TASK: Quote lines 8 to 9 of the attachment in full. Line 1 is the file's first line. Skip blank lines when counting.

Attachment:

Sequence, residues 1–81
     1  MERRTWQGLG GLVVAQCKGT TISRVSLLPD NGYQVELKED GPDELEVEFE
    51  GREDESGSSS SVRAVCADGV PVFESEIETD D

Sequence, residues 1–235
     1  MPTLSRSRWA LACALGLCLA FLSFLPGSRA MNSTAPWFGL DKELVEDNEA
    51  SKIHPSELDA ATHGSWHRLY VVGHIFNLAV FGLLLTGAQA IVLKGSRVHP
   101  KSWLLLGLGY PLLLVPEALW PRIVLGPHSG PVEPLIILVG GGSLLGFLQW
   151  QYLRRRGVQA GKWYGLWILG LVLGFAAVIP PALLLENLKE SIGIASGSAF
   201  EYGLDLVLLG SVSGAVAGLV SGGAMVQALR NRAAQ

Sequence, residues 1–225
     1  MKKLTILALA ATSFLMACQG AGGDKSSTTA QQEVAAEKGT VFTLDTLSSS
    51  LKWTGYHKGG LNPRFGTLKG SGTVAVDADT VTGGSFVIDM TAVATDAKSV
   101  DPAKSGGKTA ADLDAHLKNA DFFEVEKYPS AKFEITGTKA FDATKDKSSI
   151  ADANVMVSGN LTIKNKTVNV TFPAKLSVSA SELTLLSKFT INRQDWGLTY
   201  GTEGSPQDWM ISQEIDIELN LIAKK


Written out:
   151  QYLRRRGVQA GKWYGLWILG LVLGFAAVIP PALLLENLKE SIGIASGSAF
   201  EYGLDLVLLG SVSGAVAGLV SGGAMVQALR NRAAQ